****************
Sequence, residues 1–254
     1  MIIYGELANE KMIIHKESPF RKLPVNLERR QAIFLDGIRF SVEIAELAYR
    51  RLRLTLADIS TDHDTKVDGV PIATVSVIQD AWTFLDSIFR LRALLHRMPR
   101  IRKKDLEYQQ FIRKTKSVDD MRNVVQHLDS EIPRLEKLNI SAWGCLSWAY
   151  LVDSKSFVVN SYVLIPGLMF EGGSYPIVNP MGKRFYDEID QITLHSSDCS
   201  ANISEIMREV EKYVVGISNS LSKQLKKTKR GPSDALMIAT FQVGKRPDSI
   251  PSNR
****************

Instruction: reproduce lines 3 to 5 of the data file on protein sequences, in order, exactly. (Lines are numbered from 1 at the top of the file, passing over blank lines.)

    51  RLRLTLADIS TDHDTKVDGV PIATVSVIQD AWTFLDSIFR LRALLHRMPR
   101  IRKKDLEYQQ FIRKTKSVDD MRNVVQHLDS EIPRLEKLNI SAWGCLSWAY
   151  LVDSKSFVVN SYVLIPGLMF EGGSYPIVNP MGKRFYDEID QITLHSSDCS